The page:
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Emily Post's Wedding Etiquette Hardcover – December 27, 2005


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Product Details

  • Hardcover: 405 pages
  • Publisher: WilliamMr; 5th edition (December 27, 2005)
  • Language: English
  • ISBN-10: 0060745045
  • ISBN-13: 978-0060745042
  • Product Dimensions: 9.2 x 7.4 x 1.4 inches
  • Shipping Weight: 2 pounds
  • Average Customer Review: 4.5 out of 5 stars  See all reviews (69 customer reviews)
  • Amazon Best Sellers Rank: #498,859 in Books (See Top 100 in Books)

Editorial Reviews

About the Author

Peggy Post, Emily Post’s great-granddaughter-in-law, is a director of The Emily Post Institute and the author of more than a dozen books. Peggy writes a monthly column in Good Housekeeping and an online wedding etiquette column for the New York Times.


More About the Author

Peggy Post, Emily Post's great-granddaughter-in-law, is a director of The Emily Post Institute and the author of more than a dozen etiquette books. Peggy is co-author of the new 18th edition of Emily Post's Etiquette, published in October 2011. Her other books include the 16th and 17th editions of Emily Post's Etiquette; Emily Post's Wedding Etiquette; Emily Post's Wedding Planner; Excuse Me, But I Was Next... How to Handle the Top 100 Manners Dilemmas. She is co-author of: The Etiquette Advantage in Business; The Gift of Good Manners - A Parent's Guide to Raising Respectful, Kind, Considerate Children; and Emily Post's Table Manners for Kids. All are published by William Morrow, an imprint of HarperCollins Publishers.

Peggy writes a monthly column in Good Housekeeping magazine, as well as a biweekly online column in The New York Times called "The Well-Mannered Wedding." Peggy's wedding etiquette expertise is an integral component of Emily Post Wedding, a line of wedding invitations produced by M. Middleton and licensed by The Emily Post Institute. Her media appearances include Oprah, Dr. Phil, The View, Live with Regis and Kelly, the Today show, Good Morning America, Dateline, VH1, and CNN. Peggy conducts lectures and seminars for businesses, trade associations, and community organizations throughout the U.S., including a recent symposium, "Choosing Civility in Southwest Louisiana."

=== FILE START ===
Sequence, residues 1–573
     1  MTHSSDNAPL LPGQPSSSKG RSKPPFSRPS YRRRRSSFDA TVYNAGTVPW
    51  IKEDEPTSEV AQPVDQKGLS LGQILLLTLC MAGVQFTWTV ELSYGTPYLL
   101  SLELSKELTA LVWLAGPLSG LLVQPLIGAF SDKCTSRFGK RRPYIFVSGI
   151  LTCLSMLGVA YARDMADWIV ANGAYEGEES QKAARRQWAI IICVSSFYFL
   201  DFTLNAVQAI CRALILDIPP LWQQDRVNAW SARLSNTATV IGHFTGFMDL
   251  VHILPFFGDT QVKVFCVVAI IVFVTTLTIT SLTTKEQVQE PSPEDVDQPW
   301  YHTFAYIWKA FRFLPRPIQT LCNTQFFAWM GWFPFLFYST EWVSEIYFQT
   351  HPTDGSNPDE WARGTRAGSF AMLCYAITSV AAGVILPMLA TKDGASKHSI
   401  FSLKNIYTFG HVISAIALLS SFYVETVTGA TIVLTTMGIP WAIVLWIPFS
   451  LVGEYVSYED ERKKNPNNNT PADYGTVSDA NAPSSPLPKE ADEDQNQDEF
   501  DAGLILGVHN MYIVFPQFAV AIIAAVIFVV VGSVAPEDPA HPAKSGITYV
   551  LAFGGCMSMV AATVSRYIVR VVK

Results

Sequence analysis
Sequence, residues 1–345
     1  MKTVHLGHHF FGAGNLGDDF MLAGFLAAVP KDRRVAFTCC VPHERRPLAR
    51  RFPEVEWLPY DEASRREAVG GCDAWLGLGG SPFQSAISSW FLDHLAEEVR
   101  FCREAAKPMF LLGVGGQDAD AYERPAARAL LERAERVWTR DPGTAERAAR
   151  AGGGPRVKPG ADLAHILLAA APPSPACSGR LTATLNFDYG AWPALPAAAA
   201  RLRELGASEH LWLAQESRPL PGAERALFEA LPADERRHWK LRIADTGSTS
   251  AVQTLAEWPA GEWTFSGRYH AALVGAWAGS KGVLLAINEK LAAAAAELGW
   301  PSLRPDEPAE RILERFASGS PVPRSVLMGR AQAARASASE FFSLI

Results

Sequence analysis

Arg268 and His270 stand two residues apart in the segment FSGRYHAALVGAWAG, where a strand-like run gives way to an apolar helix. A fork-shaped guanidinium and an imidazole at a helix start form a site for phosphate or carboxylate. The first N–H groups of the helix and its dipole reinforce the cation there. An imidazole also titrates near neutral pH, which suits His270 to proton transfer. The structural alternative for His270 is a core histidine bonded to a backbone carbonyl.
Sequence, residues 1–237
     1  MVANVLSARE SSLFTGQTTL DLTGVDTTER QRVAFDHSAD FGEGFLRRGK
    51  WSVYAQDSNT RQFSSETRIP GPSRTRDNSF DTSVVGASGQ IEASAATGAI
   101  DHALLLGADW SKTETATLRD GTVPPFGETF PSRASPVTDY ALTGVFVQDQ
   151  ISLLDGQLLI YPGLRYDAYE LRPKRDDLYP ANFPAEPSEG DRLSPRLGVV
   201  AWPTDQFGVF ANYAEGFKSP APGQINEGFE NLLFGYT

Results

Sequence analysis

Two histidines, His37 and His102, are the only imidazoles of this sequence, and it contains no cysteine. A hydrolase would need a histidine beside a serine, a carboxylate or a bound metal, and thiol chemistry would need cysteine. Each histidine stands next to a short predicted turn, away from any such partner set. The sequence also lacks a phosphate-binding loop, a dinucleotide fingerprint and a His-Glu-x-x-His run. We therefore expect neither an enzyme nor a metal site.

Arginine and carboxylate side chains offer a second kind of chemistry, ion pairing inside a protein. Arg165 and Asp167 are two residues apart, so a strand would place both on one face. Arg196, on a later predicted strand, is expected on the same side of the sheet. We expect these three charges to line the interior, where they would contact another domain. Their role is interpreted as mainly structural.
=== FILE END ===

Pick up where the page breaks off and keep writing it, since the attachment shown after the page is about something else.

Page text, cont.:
Customer Reviews

An invaluable book to avoid potential wedding/social faux pas.
SIGARM
Wedding Etiquette by Peggy Post proved a valuable complement to my Emily Post reference collection.
HRH
If you only plan on buying *one* wedding guide book, this should be it.
njbookworm

Most Helpful Customer Reviews

69 of 69 people found the following review helpful By njbookworm on March 13, 2002
Format: Hardcover
If you only plan on buying *one* wedding guide book, this should be it.
Peggy Post addresses almost every aspect of wedding etiquette in this hefty book. Although you can find most of this information on Internet sites, Peggy Post does a fantastic job of compiling wedding information in one easy-to-use volume.
Book highlights include:
- Exhaustively Thorough Invitation Section
(Example: Outlines specific language you should use if the bride's divorced/remarried parents are jointly hosting the wedding.)
- Engagement Outline
(Example: Gives recommendations for who the happy couple should tell, when, & how.)
- Guest Information
(Example: Discusses gift giving, response cards, etc.)
Peggy Post does an excellent job of conveying information without sounding preachy. She offers recommendations instead of barking standards.
In addition to being a great planning tool, this book is also quite lovely! As such, it would make a beautiful engagement gift.
Highly recommended.
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27 of 27 people found the following review helpful By A Customer on December 4, 2001
Format: Hardcover
I had read an older version of the Emily Post that was in our library. I reluctantly borrowed this the 2001 one from a friend. I learned so much that I decided I couldnt live without my own. There was so much more practical attention to the diversity of ceremony styles and one of the few books that appreciated that not all people have parents paying megabucks and planning their wedding. I loved the expanded advice for reception and apparell and having kids tables-definately plan on using that idea.
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21 of 21 people found the following review helpful By "resendesandrea" on June 14, 2003
Format: Hardcover